I also have to wonder why showing people having a pretty good time is ‘selling a lifestyle’ and photo essays showing people victimized or in misery aren’t ‘selling’ particular ideas or political and social messages. But I now have been given a good guideline for judging documentaries… anything that doesn’t show people defecating isn’t a real documentary.

    I was surprised that DAH wrote ‘Fake hippies.’ That is, for him, unusually judgmental. I’m not sure what a ‘fake hippy’ is, but assuming some hippies could be or are fake, how would you know from these photos that this group of hippies are fake?

    I thought it was pretty much established by now that most ‘Artist’s Statements’ that appear on BURN are awful and have little to do with the visual content of the essays they accompany. This statement actually is a pretty good intro to the subject, compared to most, IMHO.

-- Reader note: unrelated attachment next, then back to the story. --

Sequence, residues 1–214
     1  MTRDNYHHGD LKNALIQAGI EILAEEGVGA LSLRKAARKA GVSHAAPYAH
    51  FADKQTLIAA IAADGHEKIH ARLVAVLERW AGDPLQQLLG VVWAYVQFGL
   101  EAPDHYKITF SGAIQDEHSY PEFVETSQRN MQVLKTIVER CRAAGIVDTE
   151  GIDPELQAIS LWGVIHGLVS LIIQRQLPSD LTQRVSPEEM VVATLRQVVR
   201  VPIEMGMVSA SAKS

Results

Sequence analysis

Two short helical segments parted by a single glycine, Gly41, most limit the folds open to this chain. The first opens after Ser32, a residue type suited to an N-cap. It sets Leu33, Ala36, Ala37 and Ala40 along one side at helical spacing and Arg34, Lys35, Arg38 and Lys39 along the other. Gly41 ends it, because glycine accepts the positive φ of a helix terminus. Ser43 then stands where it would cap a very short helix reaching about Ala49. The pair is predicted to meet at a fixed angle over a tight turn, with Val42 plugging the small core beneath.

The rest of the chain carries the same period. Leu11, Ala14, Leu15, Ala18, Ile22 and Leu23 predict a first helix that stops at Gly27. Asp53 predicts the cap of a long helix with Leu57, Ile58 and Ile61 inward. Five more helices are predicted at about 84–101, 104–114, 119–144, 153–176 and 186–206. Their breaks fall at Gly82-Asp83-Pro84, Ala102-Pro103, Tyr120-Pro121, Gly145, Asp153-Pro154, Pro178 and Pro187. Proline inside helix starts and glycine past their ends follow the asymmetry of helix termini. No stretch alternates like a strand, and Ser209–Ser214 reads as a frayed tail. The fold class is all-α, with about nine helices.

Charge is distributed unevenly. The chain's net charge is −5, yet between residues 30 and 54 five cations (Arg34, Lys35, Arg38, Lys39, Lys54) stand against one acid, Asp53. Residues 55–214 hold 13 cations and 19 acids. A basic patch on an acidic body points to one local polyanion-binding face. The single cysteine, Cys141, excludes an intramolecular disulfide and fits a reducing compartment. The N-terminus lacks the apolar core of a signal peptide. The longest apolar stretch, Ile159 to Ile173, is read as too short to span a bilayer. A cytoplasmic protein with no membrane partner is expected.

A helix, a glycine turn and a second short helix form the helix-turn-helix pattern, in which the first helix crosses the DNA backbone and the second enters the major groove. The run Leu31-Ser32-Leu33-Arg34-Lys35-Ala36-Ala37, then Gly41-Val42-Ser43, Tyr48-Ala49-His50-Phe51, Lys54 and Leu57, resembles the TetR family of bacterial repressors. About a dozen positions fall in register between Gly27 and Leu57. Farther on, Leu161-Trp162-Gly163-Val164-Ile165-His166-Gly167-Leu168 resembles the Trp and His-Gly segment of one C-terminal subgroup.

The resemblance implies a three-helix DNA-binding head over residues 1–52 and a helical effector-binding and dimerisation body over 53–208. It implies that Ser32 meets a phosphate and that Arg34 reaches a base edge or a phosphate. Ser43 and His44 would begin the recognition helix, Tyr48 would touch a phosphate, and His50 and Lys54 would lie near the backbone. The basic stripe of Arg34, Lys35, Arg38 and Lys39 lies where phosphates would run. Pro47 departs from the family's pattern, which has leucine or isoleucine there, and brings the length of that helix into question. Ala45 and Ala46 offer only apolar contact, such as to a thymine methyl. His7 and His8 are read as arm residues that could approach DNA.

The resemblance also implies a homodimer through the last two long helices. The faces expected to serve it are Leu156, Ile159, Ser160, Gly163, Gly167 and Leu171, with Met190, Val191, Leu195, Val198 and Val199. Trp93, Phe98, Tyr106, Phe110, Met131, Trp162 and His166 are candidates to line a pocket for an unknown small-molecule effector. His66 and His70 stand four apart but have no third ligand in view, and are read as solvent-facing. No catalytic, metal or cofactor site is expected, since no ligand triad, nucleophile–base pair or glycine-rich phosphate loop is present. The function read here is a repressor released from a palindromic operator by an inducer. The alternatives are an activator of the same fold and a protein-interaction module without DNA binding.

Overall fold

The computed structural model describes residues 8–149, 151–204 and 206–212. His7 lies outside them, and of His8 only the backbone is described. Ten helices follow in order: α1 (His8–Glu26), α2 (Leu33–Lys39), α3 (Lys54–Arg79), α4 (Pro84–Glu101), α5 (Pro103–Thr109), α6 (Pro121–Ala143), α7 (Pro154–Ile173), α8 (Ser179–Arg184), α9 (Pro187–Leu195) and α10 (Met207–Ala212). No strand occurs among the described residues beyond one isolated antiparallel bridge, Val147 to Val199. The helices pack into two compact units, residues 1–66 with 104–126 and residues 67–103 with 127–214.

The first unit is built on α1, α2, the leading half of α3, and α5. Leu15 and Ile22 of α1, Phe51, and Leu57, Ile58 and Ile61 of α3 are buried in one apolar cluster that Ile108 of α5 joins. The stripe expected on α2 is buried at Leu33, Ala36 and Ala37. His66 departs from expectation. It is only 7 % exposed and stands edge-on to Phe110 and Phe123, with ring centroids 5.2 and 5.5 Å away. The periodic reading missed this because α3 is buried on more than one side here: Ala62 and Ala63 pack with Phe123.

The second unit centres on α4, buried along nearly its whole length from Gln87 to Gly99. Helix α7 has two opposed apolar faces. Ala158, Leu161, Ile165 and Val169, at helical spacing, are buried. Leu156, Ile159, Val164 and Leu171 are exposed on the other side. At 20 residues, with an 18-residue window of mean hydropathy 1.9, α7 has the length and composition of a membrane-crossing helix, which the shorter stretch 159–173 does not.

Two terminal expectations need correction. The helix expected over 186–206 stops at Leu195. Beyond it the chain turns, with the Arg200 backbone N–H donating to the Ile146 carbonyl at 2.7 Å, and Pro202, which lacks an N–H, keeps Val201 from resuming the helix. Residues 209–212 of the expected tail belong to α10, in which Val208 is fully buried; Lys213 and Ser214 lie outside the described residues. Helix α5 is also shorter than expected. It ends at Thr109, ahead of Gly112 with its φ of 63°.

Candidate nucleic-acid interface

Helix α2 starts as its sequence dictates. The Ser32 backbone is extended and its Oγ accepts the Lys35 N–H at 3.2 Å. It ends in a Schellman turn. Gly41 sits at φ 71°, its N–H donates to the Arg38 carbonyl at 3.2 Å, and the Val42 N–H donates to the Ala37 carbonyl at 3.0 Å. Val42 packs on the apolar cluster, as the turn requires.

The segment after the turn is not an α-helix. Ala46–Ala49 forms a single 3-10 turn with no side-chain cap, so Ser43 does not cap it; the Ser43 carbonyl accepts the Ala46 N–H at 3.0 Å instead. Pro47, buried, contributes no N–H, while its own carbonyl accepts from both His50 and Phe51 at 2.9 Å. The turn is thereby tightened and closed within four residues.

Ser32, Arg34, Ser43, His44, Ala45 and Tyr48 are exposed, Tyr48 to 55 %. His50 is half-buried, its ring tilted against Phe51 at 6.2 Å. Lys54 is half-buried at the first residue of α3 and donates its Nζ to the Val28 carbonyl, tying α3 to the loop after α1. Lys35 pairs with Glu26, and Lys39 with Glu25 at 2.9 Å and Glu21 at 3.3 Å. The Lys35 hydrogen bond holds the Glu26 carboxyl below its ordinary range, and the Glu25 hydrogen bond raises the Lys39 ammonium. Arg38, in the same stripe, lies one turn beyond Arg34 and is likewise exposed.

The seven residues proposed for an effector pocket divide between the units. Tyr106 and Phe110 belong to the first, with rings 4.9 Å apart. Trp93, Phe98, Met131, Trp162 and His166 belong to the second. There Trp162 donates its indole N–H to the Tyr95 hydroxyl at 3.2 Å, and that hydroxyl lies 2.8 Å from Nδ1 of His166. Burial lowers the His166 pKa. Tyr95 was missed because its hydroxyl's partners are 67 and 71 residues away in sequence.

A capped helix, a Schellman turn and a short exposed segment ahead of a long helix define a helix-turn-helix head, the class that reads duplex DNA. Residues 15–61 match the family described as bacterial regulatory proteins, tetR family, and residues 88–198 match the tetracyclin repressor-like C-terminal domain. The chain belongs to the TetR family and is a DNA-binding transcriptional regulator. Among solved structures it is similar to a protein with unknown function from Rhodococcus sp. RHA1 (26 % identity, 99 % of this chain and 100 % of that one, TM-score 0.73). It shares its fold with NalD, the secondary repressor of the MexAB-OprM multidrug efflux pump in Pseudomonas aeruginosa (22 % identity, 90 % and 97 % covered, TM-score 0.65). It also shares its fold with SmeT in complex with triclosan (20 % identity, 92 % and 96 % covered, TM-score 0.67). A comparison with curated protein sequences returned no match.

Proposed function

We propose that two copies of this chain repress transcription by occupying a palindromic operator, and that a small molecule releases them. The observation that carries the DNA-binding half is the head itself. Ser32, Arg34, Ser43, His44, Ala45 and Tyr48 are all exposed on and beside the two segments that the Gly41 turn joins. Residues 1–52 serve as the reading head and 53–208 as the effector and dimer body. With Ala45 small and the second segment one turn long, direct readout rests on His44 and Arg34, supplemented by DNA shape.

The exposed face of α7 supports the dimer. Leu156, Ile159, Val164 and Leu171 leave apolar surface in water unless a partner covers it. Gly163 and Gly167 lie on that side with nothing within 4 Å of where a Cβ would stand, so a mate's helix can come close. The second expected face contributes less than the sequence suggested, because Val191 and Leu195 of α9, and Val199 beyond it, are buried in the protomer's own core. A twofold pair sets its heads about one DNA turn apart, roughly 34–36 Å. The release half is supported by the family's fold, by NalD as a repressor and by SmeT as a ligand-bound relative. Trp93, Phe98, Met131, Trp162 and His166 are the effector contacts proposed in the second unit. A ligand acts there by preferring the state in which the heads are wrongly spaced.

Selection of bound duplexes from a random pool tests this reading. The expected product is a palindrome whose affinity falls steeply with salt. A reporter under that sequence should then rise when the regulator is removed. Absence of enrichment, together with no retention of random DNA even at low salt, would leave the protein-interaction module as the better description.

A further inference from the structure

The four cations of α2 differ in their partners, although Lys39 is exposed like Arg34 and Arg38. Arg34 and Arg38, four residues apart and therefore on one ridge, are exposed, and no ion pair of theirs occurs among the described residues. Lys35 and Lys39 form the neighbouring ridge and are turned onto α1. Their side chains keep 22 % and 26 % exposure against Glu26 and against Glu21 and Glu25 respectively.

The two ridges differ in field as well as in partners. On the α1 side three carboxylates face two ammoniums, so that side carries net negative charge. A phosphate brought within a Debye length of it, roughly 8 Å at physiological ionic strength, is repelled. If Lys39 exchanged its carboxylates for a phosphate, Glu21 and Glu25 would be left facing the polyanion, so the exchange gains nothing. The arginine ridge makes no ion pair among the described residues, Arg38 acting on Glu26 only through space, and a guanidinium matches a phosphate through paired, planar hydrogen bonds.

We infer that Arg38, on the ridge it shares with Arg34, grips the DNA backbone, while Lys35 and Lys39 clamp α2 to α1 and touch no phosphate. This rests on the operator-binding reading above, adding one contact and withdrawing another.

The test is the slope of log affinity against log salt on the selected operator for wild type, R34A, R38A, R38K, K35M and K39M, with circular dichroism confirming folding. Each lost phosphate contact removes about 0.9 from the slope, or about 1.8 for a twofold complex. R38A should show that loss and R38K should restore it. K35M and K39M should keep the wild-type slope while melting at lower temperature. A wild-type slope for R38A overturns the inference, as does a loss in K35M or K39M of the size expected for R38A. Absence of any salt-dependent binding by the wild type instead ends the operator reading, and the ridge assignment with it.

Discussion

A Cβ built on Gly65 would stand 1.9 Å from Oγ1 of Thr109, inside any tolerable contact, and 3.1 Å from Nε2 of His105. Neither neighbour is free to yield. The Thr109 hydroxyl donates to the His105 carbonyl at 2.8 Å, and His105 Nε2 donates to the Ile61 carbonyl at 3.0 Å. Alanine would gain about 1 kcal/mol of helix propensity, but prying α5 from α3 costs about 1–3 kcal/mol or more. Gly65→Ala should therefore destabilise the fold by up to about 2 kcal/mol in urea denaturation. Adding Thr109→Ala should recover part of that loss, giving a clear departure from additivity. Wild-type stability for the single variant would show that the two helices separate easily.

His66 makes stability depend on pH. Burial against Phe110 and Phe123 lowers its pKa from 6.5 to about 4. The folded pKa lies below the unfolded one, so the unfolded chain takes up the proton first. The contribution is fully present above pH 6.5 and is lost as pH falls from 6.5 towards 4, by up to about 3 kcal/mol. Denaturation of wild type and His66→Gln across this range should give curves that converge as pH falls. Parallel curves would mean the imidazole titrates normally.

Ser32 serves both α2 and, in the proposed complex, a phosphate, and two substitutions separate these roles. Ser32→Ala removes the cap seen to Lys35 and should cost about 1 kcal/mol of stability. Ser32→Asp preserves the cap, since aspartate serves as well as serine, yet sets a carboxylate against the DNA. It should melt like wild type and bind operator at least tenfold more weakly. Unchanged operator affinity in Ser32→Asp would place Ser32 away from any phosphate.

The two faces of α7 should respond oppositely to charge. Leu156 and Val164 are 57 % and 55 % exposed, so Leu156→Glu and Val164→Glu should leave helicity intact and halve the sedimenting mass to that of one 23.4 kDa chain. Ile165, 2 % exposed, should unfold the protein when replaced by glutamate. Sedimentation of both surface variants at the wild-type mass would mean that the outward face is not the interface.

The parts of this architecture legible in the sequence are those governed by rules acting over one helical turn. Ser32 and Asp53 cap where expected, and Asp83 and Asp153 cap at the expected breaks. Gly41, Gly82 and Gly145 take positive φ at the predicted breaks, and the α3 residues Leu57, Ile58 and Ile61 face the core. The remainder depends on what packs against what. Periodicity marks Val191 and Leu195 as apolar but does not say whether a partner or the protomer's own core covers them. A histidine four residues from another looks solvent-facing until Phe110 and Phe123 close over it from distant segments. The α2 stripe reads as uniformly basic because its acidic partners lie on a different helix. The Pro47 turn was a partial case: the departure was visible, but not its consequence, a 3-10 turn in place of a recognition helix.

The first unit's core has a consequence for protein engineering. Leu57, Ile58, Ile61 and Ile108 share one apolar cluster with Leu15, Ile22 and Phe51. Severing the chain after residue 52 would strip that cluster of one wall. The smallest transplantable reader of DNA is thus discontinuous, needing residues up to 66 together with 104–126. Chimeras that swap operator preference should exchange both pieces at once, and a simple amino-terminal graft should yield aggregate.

Again, there may be some confusion between what the photographer has written and what the people photographed might actually say about who they are and what they are doing… so the “marriage of Sioux chief and Himalayan sadhu” may just be the photographer’s rather offhand attempt to describe a tonsorial style he observed… admittedly one among many other styles. I really don’t know, but that’s what I suspect.. Likewise, the use of the word ‘utopia.’ Was that their word or the photographer’s?

    Like MW, I am somewhat bemused by the rather vitriolic negativity expressed towards the photographer and/or the subjects of his essay. But let me be clear– I am definitely NOT angry!